The exception to that rule is Rep. Bart Stupak, who may be the only man in Congress standing between his party leadership and ObamaCare’s passage. This report explains:

Democratic Rep. Bart Stupak’s push for restrictions on abortion funding in the health-care overhaul is anathema to many liberal supporters of the bill. But Mr. Stupak sees them as a natural mix of the economic liberalism and social conservatism that defines his home district, Michigan’s economically depressed Upper Peninsula.

Bucking his party leadership, Mr. Stupak led the charge for an amendment bearing his name that prevents women with government-subsidized coverage from enrolling in a plan that covers abortion. . . “It has to be pretty close to Stupak language or it’s not going to fly,” Mr. Stupak said Tuesday night after a town-hall meeting during which the mention of his amendment twice drew applause.

Well, can’t he pull a Ben Nelson — come up with some phony compromise language, get the bill passed, and tell his constituents he tried?

“I can go back to my district [on some issues] and say I did the best I could, I tried,” he said. “But on abortion you can’t go back and say, I used to be right to life; now I’m pro choice. That doesn’t work; it’s either or.”

It is almost as if he takes his obligation to his constituents seriously, understands they can’t be flim-flammed, and doesn’t think it’s worthwhile to sell out his own values for the sake of rescuing his party from embarrassment. It’s a bit of a novelty these days. Stupak says he has 10-12 votes. We’ll see if he does and if Nancy Pelosi can come up with enough votes to replace those who refuse to accept the Reid-Nelson abortion language.

Those Democrats who have chosen, be it on abortion or taxes or spending, to give their constituents the brush-off and vote with their ultraliberal leadership may get a rude awakening in November. Voters aren’t as dumb as politicians think they are. And these days, they are a lot madder, as well.

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How to Save Themselves

Conservatives are debating whether ObamaCare is a done deal yet. I tend to be in the Yogi Berra club (“It ain’t over till it’s over”). In addition to the infirmities in the bill that might make it difficult for Nancy Pelosi to round up the needed votes (to replace those of Bart Stupak and other pro-life Democrats who won’t buy the Ben Nelson/Harry Reid abortion-subsidy language), consider the dynamic in the Senate. The Cornhusker Kickback has become an embarrassment, the bill is a fiscal train wreck for the country at large and specifically for Blue states (whose governors are now complaining loudly), and incumbent senators are heading for the hills because the political environment is so toxic.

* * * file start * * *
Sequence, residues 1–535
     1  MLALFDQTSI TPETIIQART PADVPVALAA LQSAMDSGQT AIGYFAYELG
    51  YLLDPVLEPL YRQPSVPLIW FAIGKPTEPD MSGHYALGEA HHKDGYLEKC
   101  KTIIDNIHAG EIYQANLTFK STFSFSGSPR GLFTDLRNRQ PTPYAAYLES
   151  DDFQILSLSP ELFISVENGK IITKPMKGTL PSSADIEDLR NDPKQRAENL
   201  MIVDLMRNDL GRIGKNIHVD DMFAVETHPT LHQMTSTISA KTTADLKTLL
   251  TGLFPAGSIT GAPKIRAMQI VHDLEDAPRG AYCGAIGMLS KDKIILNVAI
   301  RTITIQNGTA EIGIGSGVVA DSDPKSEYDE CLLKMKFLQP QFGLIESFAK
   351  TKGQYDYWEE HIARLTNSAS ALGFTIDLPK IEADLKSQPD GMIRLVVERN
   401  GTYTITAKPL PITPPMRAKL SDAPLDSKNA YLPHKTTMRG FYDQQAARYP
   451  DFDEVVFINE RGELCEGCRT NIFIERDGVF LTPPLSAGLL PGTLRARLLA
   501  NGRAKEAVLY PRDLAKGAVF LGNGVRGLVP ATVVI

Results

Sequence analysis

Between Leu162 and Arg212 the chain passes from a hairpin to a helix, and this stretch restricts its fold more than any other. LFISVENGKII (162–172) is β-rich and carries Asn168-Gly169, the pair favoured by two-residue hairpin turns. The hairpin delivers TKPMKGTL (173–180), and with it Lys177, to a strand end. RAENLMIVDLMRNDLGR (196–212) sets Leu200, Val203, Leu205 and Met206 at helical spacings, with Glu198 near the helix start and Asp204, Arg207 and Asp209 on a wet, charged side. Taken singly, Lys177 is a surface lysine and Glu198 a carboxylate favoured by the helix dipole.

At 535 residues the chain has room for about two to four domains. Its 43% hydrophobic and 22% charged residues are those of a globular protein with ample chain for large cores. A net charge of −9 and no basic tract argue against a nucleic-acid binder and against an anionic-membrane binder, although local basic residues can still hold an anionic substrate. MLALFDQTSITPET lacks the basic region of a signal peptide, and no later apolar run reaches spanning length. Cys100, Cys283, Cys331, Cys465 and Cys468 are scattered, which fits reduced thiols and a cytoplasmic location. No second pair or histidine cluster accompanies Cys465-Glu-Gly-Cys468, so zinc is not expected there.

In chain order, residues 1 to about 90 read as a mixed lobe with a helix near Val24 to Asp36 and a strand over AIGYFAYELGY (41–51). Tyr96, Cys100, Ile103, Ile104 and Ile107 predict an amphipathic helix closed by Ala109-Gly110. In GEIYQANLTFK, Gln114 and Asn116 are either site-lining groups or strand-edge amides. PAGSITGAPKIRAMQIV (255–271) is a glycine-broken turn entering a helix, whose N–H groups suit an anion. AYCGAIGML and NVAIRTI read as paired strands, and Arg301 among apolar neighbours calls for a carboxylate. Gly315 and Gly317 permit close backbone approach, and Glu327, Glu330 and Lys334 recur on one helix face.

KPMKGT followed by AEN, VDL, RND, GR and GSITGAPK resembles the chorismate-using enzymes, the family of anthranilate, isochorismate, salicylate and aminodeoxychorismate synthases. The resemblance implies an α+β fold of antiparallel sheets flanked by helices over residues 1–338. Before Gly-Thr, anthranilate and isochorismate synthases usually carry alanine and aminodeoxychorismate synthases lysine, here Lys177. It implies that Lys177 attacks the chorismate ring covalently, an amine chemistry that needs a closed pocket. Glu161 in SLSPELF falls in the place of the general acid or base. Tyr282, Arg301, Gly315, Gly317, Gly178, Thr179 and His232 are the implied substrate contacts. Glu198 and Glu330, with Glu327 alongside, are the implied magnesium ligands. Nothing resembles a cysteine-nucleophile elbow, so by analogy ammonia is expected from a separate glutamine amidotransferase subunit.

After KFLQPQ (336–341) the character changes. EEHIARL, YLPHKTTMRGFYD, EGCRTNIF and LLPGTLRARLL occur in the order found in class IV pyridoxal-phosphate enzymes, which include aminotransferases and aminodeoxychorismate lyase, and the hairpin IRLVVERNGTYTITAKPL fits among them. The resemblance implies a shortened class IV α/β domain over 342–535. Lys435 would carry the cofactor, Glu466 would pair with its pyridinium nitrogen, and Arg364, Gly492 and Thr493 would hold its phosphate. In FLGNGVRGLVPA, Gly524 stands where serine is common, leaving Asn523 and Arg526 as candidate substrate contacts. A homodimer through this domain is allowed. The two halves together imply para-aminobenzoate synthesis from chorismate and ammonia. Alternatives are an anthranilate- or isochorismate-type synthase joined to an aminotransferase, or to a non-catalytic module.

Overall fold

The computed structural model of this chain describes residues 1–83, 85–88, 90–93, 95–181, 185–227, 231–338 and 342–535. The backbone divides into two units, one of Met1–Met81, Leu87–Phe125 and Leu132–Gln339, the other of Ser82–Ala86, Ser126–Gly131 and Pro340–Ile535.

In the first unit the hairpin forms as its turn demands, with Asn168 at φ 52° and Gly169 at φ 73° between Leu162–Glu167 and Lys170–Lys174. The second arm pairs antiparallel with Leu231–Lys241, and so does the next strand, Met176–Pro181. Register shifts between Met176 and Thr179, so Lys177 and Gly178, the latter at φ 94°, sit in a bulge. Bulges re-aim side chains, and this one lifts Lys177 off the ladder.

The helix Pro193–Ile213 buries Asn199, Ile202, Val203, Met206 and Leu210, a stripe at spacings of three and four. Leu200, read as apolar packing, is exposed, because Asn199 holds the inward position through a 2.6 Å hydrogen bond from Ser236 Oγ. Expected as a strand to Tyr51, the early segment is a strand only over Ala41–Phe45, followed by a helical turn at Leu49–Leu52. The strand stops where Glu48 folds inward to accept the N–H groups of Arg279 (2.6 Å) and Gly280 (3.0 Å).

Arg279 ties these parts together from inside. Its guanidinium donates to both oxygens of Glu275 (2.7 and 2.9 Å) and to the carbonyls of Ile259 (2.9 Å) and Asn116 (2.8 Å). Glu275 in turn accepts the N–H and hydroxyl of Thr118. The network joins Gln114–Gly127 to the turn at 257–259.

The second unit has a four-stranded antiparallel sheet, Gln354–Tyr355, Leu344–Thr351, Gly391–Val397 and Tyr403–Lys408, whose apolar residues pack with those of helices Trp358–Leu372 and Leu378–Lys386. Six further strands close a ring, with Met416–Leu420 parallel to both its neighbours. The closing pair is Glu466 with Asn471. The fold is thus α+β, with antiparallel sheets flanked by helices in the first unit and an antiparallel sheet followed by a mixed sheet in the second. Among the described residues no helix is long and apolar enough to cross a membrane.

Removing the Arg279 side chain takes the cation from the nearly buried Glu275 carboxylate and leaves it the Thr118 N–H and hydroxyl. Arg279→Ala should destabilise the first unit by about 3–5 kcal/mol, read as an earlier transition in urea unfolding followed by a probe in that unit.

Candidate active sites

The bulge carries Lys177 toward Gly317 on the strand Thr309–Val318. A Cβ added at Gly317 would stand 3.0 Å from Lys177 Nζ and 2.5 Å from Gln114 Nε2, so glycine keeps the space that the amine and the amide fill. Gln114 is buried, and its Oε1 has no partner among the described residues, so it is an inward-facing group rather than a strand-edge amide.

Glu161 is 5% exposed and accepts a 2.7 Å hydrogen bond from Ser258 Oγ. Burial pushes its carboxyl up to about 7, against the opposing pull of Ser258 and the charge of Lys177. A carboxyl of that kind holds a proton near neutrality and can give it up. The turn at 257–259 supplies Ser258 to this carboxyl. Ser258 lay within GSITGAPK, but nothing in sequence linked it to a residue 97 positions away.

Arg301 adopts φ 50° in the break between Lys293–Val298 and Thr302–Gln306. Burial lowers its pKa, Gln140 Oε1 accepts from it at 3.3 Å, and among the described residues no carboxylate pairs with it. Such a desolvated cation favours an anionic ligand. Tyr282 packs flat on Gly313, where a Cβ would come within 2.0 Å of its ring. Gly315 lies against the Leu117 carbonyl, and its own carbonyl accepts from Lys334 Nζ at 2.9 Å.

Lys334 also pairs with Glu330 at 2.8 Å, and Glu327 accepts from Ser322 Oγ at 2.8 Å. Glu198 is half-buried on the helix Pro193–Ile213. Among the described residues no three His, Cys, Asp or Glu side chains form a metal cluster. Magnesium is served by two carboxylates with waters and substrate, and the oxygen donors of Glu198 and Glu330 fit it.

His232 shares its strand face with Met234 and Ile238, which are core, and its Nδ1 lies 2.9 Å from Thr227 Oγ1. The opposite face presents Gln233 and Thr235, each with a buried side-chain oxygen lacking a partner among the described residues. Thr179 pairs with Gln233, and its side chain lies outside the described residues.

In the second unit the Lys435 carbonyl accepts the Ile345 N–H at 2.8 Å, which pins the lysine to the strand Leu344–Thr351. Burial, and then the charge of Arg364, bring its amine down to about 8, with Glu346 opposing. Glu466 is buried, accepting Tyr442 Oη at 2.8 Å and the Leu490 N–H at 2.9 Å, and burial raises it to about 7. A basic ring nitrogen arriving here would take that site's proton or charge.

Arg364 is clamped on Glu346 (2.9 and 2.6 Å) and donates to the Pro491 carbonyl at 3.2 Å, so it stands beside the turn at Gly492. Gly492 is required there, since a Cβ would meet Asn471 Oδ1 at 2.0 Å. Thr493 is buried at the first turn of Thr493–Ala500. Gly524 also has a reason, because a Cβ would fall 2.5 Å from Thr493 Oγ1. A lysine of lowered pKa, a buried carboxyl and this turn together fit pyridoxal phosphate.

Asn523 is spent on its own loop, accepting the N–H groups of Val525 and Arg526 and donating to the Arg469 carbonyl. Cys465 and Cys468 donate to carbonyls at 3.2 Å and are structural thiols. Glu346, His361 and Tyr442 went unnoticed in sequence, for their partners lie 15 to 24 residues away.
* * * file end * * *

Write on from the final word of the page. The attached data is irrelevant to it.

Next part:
So perhaps it is time for a Senate Democrat to step forward to save his or her own skin and that of some colleagues. It might be a liberal like Kirsten Gillibrand who has figured out that she could be a hero to home-state taxpayers and the new darling of the Left by voting against the bill and its ensuing bonanza for big insurance companies. (Sure, she voted for it the first time, but she’s now had time to think it over.) It might be an imperiled Red State senator like Blanche Lincoln, who has been taking pot-shots at Ben Nelson’s wheeling and dealing and needs to get out of her polling death spiral. Or maybe it is someone like Evan Bayh, who needs to fend off a serious challenge at a time voters are noticing the significant gap between his fiscal “conservative” message and his voting record.

Sure, Rahm Emanuel would go on an obscenity shout-a-thon, but he is not on the ballot in 2010. And really, wouldn’t the brave senator who finally stood up to the politically suicidal Senate leadership and the tone-deaf White House get the quiet praise of many of his or her colleagues?

There is a way out of this policy and political train wreck. All it requires is a clearheaded Democratic senator. Surely there is one, right?

Conservatives are debating whether ObamaCare is a done deal yet. I tend to be in the Yogi Berra club (“It ain’t over till it’s over”). In addition to the infirmities in the bill that might make it difficult for Nancy Pelosi to round up the needed votes (to replace those of Bart Stupak and other pro-life Democrats who won’t buy the Ben Nelson/Harry Reid abortion-subsidy language), consider the dynamic in the Senate. The Cornhusker Kickback has become an embarrassment, the bill is a fiscal train wreck for the country at large and specifically for Blue states (whose governors are now complaining loudly), and incumbent senators are heading for the hills because the political environment is so toxic.